The zone read is a remarkably simple play. Based on the give-keep option that made the veer such a difficult offense to stop, it forces a defender to make a split-second decision on how to pick his poison. The play slows down backside pursuit by forcing the player to account for the quarterback as a running threat. Most of the time, teams leave the back-side defensive end unblocked and read him. Oregon, which is a little more exotic, will read the defensive tackle at times instead.
But most importantly, the play adheres to the oft-used option cliché: "If you can't block 'em, read 'em."
For years, that play was the bread-and-butter of the Longhorn offense, with Texas befuddling defenses thanks to the running ability of quarterbacks Vince Young and Colt McCoy. There was more, too. Play-action off those plays were effective, and defenses in general had to play at a slower speed to account for the read.
Fast-forward to last season, and the Longhorns, using a quarterback without the running ability of Young or McCoy, essentially scrapped the play at times. That led to several running plays that were run down from behind without a back-side blocker or a read to keep the defense honest. At least one Big 12 assistant coach said that a large part of the problem was that the Longhorns were poor at the "auxiliary positions," or more specifically, tight end and fullback.
Without multiple reliable tight ends, or an experienced fullback, the Longhorns didn't have the players to make that extra block to spring a run, or even the players to stretch the field horizontally or vertically in the passing game to occupy linebackers.
All of that could change this year. While Texas doesn't have a pure, do-it-all tight end, the Longhorns do have an overabundance of bodies who, according to co-offensive coordinator Major Applewhite, can either do the job in the passing game, or in the running game. And that will be more than they had a year ago. Darius Terrell showed well in the spring game, and has potential to be an extra in-line receiver. A player like Ahmard Howard has excellent potential as a blocker.
Ideally, the Longhorns would have a 250-pound player capable of mashing linebackers in the running game while beating them down the seams in the passing game. But while that specific player doesn't appear to be on the roster as of yet, Texas does have plenty of tools that it can exploit, especially if Blaine Irby is able to make it back close to where he was before the injury.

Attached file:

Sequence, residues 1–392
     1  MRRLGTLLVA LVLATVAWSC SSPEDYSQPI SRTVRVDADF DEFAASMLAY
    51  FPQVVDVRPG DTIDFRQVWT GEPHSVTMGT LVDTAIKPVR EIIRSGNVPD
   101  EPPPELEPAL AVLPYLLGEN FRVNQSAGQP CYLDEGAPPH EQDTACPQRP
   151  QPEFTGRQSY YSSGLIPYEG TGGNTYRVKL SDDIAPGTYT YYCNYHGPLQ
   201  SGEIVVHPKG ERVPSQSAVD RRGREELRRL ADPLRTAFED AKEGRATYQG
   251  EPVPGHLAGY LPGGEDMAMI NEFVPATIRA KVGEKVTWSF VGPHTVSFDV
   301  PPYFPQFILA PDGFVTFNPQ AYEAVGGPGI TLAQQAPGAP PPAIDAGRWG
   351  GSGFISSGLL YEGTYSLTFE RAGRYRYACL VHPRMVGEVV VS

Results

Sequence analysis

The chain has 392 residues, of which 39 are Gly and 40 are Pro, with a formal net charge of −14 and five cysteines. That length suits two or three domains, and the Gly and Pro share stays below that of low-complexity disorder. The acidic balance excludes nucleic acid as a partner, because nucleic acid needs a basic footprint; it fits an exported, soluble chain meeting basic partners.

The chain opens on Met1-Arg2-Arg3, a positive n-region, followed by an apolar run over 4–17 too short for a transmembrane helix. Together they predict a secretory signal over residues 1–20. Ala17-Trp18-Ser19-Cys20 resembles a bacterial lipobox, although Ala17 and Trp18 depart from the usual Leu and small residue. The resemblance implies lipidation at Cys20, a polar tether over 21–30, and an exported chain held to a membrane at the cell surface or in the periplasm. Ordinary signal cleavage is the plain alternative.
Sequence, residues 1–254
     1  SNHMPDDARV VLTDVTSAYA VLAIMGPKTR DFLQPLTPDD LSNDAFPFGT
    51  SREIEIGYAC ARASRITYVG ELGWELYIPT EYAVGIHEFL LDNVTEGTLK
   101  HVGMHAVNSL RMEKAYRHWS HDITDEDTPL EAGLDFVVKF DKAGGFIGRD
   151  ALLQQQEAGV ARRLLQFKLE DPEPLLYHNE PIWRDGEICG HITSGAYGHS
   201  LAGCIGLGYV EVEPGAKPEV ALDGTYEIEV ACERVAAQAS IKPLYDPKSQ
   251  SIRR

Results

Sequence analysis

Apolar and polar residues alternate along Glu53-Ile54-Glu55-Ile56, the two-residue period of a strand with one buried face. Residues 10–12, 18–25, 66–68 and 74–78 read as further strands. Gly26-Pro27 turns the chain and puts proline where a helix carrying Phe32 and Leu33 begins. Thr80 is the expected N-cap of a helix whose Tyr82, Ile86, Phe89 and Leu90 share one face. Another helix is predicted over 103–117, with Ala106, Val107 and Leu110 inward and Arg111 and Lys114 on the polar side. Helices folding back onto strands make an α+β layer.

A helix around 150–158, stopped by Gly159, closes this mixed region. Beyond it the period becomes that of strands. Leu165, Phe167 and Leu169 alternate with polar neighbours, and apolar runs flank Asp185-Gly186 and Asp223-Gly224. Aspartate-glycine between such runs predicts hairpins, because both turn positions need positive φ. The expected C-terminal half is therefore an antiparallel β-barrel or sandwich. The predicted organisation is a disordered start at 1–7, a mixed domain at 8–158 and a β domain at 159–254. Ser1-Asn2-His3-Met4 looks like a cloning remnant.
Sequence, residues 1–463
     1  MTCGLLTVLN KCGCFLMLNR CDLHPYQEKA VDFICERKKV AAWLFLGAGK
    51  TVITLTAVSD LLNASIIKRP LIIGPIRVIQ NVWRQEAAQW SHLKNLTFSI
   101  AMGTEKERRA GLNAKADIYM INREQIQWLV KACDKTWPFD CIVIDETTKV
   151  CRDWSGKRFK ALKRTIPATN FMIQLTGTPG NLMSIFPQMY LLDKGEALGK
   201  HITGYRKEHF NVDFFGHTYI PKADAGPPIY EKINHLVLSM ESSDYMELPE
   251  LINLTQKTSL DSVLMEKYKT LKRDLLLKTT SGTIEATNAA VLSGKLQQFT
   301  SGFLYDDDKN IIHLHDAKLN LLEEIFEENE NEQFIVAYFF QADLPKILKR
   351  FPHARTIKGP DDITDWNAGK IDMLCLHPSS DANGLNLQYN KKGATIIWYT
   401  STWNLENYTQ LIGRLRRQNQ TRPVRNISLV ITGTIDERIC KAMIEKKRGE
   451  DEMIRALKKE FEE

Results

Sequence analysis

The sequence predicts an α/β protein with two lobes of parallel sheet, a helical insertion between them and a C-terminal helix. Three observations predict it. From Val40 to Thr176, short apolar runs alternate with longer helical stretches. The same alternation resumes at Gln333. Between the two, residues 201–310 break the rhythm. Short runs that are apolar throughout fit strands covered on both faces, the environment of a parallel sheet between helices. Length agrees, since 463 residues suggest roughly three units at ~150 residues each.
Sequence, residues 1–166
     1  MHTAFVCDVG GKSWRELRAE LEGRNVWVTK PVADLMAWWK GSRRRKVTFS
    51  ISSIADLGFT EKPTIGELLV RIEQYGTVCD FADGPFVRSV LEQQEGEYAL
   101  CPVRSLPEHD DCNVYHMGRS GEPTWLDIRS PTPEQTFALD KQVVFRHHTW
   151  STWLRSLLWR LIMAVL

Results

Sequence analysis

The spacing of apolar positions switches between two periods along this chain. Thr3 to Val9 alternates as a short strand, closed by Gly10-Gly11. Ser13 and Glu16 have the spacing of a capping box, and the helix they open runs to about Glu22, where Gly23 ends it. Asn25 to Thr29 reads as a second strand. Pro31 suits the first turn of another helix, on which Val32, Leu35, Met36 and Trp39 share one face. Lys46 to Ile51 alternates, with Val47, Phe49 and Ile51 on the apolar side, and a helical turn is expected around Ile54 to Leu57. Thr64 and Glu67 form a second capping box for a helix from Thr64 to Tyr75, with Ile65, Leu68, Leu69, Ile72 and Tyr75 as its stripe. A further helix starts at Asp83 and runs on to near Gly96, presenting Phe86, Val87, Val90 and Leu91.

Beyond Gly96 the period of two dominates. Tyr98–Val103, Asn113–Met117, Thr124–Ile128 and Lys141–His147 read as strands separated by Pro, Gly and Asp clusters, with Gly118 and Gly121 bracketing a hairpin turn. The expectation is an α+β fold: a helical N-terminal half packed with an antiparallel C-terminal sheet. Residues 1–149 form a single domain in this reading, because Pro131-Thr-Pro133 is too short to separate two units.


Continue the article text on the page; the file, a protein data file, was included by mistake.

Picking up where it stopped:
At fullback, the Longhorns should be massively improved simply by moving arguably the nation's top fullback to fullback. Cody Johnson battled injuries a year ago, and still led the Longhorns in rushing by averaging 4.4 yards per carry. He's also demonstrated a wonderful nose for the goal line, scoring 30 rushing touchdowns over the past three years. And he can be an effective receiver, as evidenced by a 33-yard reception a year ago, which was actually a longer catch-and-run than speedster Marquise Goodwin put up for the season. Oh, and did we mention he's 250 pounds?
Johnson is an ideal fullback in any system in that he can run, catch passes and has the size to be a powerful blocker. He can play single back if the Longhorns wish to motion another back out of the backfield. Texas also has depth at the position, thanks to the return of last season's starter, Ryan Roberson, a tough player who made the best of a rough situation a year ago, and the addition of Joe Bergeron. Bergeron is a smaller, but faster, version of Johnson, a jumbo athlete who can do a lot of different things. A physical specimen at 230-235 pounds, Bergeron has the frame to add even more weight, and he's excellent with the ball in his hands.
And just like that, a weakness from last year should become a strength. Tight end should get better with the addition of several bodies, both old players returning from injury and new players working into the rotation. And fullback, by adding Johnson and Bergeron, should be much deeper and more talented.